As a side note here, the Brier used to have a player’s lounge that was one of the highlights of the event. This was a really comfortable lounge that allowed us to enjoy a wide array of beverages and some food items/snacks, where all of the players and their families could hang out after the games. It was one of the special things that set the Brier apart and was something every team had the privilege to enjoy. More importantly, it provided an area for the teams to hang out together and this was one of the few ways we were able to get to know our opponents. My favourite part of a few Briers was getting to meet the families of my longtime competitors in the lounge and seeing how excited their kids were to hang out as a VIP.
Apparently this was removed due to budgetary restraints and it was thought that the players would not even notice its disappearance… however, I can tell you it was an immediate dissatisfier for the players and it had many Brier competitors asking “What the heck?” With some minor sponsorship from certain suppliers, I think the costs could be kept at a minimum, if any, and its return would have a positive impact on the great traditions of the Brier.
CTRS teams, Wild Card
I have to admit that I’m not a fan of the Wild Card concept for two main reasons. First off, the Brier/STOH starts becoming too much like our other championships, such as the Grand Slams or the Canada Cup. As great as these events are and as much as the actual shotmaking and talent is better in these events, I don’t think we need another one of them.
Secondly, by doing this you make the event too large, and as a result you have to break it into two-pool play or have a round robin that would be too long, thus extending the event. I do like the idea of having Team Canada back, for the reasons expressed above.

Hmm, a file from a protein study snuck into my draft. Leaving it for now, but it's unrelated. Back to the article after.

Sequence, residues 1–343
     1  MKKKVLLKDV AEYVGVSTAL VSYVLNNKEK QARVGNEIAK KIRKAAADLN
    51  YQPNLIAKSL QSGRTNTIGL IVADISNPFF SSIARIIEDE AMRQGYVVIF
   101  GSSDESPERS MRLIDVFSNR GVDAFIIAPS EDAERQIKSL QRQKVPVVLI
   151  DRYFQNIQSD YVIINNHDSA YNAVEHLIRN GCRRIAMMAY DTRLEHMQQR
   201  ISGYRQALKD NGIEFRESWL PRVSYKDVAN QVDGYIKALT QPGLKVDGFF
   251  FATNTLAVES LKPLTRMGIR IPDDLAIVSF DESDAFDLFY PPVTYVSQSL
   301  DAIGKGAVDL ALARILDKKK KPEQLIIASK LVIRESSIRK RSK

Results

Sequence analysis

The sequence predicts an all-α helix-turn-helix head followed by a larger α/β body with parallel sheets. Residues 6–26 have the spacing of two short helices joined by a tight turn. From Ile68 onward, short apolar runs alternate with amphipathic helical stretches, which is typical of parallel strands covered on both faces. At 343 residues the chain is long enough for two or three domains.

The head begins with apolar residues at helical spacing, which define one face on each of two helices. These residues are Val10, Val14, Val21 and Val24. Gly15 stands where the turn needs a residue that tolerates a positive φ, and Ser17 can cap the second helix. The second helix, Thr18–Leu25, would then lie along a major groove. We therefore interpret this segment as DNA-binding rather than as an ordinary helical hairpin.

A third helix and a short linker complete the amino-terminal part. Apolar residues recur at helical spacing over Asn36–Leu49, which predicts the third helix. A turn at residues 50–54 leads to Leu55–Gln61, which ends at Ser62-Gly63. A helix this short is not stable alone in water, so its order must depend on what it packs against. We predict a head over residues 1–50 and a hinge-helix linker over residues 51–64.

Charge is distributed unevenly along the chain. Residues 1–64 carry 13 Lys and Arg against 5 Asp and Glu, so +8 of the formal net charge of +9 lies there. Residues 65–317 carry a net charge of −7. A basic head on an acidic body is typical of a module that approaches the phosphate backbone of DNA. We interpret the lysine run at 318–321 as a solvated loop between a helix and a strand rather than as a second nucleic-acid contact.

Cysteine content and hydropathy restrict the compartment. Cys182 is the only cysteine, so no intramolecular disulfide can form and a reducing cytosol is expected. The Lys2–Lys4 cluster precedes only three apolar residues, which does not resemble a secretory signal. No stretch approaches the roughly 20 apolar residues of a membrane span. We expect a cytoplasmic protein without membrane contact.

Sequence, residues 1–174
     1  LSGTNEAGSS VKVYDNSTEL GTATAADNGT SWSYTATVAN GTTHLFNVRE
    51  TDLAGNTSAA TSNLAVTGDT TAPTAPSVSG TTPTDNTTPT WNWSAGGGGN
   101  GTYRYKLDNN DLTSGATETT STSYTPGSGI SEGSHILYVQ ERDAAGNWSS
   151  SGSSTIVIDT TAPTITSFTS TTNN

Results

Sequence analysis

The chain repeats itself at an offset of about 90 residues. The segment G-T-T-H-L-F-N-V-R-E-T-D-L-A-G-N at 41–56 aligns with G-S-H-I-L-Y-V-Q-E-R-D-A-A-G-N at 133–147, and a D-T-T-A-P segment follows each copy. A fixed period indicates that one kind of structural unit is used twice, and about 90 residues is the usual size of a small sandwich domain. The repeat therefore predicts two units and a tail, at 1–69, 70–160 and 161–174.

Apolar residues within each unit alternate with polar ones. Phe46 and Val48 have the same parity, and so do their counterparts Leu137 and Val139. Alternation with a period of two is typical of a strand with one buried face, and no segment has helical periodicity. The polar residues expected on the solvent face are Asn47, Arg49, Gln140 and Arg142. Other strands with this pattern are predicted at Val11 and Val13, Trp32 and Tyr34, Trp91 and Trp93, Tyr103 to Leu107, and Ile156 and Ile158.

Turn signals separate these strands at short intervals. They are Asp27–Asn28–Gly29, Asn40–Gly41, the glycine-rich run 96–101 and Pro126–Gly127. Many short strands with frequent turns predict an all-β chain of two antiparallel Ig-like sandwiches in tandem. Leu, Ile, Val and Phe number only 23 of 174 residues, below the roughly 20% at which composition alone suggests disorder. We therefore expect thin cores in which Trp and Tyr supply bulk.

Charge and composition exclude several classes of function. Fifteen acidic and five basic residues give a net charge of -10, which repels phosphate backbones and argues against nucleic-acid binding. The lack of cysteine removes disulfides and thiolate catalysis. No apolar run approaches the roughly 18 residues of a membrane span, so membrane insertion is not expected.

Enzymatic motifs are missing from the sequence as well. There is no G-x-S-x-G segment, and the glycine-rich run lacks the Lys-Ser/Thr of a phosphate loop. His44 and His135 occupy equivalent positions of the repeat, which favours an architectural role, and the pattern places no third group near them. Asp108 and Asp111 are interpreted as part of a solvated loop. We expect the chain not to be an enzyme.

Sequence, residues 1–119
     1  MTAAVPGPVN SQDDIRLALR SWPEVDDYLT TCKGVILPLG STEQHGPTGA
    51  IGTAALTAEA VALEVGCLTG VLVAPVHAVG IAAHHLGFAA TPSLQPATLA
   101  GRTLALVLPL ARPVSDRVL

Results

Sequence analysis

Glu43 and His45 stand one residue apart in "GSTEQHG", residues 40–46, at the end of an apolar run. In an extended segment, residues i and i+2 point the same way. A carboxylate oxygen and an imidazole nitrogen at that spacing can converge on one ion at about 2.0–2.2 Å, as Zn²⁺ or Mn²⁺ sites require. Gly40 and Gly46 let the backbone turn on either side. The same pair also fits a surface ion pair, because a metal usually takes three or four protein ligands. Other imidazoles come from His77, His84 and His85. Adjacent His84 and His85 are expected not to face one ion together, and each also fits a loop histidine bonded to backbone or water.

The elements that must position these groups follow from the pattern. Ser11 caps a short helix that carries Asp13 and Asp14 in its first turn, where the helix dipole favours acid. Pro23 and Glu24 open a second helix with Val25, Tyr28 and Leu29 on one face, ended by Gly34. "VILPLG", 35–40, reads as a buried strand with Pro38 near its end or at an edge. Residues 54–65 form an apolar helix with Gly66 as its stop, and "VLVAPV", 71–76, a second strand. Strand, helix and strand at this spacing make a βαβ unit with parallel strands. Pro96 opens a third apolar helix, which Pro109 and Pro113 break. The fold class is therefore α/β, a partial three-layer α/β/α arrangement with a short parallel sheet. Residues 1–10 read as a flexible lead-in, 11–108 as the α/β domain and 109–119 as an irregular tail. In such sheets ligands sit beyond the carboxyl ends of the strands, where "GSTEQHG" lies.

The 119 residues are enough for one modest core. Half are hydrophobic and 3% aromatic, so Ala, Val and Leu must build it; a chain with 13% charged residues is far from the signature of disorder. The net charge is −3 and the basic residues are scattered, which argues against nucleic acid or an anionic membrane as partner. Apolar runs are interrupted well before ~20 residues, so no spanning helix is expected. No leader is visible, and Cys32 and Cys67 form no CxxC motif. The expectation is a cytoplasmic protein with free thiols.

A possible option
There are some competitive curlers who argue that certain provinces should not be in the Brier/Scotties because they consistently post losing records. Well, I’m kind of on-the-fence on this one, because I have a soft spot for my friends out east and I don’t think it’s as easy as just lumping all of the Atlantic provinces together and giving them one spot.
One step might be to eliminate the province at the Brier that has the worst record (and break ties the same way you would for the teams tied for playoff positions). That team can only be eliminated for one year in a row, as the following year they would replace that year’s last place team. One clause could be that if a province is hosting a national, they would get a guaranteed entry.
The positives of this would be that every game at the nationals would be a battle and I, for one, would definitely tune in to see PEI versus NFLD (sans Gushue of course) as one of the last round-robin draws to see who makes it into the following year’s Brier. Now you may have the perennial bottom-dwelling provinces crying foul… but before you criticize this too much, won’t this inevitably help to improve these provinces and put some ownership on the provincial association to develop their high-performance programs? Overall, I believe this would lead to more competitive national championships thus creating higher quality champions, and this at a time when many have heard the rumblings from curlers and fans across our country as to why we aren’t as dominant on the international stage as we used to be.
I believe this is one step in the right direction that will help strengthen our system coast to coast to coast, and give us a better chance at creating consistent top podium results for Canada for years to come. This has been used successfully at the European Curling Championships for years and really helps with the overall competitiveness of the event, and every single game has meaning.
I never enjoy hearing naysayers point out a problem without having an idea for a solution, so here goes. Over the years, Curling Canada has gradually lengthened the Brier and STOH inch by inch. I will reiterate that it is next to impossible to keep all of the curlers and curling fans in the country happy, so some people will simply not agree, but here it is:
Scrap the two pools and go back to a traditional round-robin system, where every curler in Canada still has a chance to qualify for the Brier/Scotties. Have one rep from all the territories, a Team Canada, and only one rep from Ontario, all for the reasons mentioned above. The team list would be BC, NWT/YUKON/NUNAVUT winner, ALBERTA, SASKATCHEWAN, MANITOBA, ONTARIO, QUEBEC, NEW BRUNSWICK, NOVA SCOTIA, PEI, NEWFOUNDLAND and TEAM CANADA. Use the same Page playoff format that has been used successfully over the last decade, and finally, consider the option of eliminating the last place team for the following year’s event.
Boom. Now tell me what you think.
John Morris is a two-time Olympic champion and multiple Brier, world and provincial champion who is now focused on the Mixed Doubles discipline. Follow him on Twitter @johnnymocurler and on Instagram at johnnymo_7